For connecting the Rift, I simply followed the instructions that came with the Rift. Basically, I connected the Rift power box to my computer using both the USB cable and the HDMI cable that came with the Rift and then I plugged in the Rift power cable. The only issue I had here was that I needed a converter (HDMI to miniDisplayPort) that was not included in the Rift development kit. It is easy to forget to connect one of the cables, I’ve done so more than once, so be sure to check all connections first if you have any issues running the Rift.
For the display setup, Oculus recommends using the Rift as an extended monitor in most cases, but I found that did not work for me. The primary display defaulted to the Rift which meant my menus, windows and mouse were all on the Rift portion of the display. Because looking through the Rift shows two overlapping images of the desktop, actually selecting anything located there was nigh impossible. I was never able to get any demos to run properly on the Rift display.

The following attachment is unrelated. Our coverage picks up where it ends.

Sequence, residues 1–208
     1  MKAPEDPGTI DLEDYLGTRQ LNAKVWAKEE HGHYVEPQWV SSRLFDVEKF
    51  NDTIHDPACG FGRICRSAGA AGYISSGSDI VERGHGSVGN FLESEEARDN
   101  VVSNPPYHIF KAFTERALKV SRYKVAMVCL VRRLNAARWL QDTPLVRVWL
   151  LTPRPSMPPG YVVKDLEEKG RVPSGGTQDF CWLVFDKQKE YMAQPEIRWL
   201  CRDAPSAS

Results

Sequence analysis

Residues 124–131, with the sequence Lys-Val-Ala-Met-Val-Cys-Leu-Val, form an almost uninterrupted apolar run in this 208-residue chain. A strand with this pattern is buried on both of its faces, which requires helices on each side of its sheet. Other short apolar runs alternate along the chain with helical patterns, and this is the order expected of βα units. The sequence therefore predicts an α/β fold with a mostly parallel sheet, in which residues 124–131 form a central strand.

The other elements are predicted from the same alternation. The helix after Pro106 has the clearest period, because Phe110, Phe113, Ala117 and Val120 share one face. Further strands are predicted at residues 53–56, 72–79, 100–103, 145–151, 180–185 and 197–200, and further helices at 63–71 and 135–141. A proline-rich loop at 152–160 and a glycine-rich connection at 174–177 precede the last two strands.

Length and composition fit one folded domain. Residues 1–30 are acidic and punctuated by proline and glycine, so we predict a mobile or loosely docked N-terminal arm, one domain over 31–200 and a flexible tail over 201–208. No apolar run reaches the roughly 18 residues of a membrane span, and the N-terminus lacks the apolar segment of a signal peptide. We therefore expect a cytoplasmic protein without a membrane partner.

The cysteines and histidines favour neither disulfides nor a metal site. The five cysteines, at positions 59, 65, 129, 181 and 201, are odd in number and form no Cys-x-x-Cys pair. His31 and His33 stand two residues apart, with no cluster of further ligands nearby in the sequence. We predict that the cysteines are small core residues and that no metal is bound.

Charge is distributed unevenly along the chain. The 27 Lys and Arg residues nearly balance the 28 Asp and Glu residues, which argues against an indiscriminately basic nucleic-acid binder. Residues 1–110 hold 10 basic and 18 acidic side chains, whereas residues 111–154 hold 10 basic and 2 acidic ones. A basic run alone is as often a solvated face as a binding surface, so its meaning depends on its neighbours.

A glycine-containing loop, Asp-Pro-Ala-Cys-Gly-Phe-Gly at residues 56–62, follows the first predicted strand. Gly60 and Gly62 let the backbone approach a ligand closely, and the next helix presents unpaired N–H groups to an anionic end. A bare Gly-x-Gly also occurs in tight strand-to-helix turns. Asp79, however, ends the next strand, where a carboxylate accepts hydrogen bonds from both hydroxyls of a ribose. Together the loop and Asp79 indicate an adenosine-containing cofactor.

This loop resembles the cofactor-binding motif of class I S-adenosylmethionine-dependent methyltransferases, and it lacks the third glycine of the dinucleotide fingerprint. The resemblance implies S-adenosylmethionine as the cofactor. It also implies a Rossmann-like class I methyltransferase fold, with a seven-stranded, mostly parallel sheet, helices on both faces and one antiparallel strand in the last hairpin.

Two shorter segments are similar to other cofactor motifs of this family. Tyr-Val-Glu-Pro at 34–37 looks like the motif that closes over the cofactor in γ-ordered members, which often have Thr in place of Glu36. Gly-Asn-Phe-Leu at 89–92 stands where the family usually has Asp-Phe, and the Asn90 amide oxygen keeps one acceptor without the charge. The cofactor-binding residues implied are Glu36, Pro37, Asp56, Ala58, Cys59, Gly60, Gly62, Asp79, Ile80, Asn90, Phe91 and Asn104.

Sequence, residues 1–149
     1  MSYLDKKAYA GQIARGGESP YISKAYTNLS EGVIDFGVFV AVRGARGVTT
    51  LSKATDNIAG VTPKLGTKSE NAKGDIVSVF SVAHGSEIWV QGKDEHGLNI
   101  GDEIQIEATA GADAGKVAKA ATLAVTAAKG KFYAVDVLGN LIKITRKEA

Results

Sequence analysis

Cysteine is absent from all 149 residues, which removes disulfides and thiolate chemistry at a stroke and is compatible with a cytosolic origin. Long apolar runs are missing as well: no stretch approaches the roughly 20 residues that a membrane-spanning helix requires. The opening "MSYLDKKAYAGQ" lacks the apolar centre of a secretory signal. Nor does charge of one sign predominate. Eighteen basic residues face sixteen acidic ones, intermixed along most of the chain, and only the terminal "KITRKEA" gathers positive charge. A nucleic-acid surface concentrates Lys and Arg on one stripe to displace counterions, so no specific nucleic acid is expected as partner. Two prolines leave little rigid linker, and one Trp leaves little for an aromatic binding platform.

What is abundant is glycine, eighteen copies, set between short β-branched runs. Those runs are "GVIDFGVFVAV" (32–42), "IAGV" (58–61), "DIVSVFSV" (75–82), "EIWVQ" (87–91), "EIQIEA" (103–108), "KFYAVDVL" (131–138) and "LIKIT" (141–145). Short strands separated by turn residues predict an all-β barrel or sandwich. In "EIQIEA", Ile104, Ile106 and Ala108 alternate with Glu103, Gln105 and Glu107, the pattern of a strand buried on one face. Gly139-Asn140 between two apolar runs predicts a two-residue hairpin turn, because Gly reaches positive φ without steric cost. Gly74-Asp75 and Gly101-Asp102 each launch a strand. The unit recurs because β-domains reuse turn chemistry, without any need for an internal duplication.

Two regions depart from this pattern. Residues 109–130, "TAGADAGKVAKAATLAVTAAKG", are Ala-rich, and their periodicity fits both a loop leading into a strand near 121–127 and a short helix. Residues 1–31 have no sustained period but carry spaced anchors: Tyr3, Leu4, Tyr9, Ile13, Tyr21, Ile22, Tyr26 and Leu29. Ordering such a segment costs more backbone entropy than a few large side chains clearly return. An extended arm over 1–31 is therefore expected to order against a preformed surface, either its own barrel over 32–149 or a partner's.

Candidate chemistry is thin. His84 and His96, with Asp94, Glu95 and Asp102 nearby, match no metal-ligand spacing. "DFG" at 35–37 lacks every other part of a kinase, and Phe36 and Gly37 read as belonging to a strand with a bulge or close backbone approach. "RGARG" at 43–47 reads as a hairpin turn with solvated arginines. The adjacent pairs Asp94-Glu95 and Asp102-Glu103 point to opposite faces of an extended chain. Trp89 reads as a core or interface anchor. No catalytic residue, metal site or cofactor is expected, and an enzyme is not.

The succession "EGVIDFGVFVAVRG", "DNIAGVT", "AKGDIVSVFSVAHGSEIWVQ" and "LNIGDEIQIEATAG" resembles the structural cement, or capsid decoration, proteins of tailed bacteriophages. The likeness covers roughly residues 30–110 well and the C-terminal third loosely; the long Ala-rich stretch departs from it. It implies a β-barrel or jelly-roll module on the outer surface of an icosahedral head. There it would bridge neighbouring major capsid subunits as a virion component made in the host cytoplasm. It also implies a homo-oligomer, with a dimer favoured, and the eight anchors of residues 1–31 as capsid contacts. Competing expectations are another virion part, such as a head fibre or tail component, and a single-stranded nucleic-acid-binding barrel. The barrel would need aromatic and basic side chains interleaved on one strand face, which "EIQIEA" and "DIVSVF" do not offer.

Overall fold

The other option is mirroring, which is what I chose to do. There are two downsides to mirroring:
- Performance can suffer, specifically, screen tearing can occur. Tearing on the Rift can be very distracting and it is the reason Oculus recommends extended displays. So far this has not been a serious issue for me, but I expect I may need to revisit this issue in the future.
- Optimizing the resolution for the Rift display (1280 X 800) doesn’t allow for a lot of screen real estate for doing work. To simplify switching between the resolutions for the “built in display” and the “Rift display,” I made sure to check Show mirroring options in the menu bar when available in the System Preferences Displays panel. That way, I can easily switch back and forth using the display menu now located in the top right of the menu bar.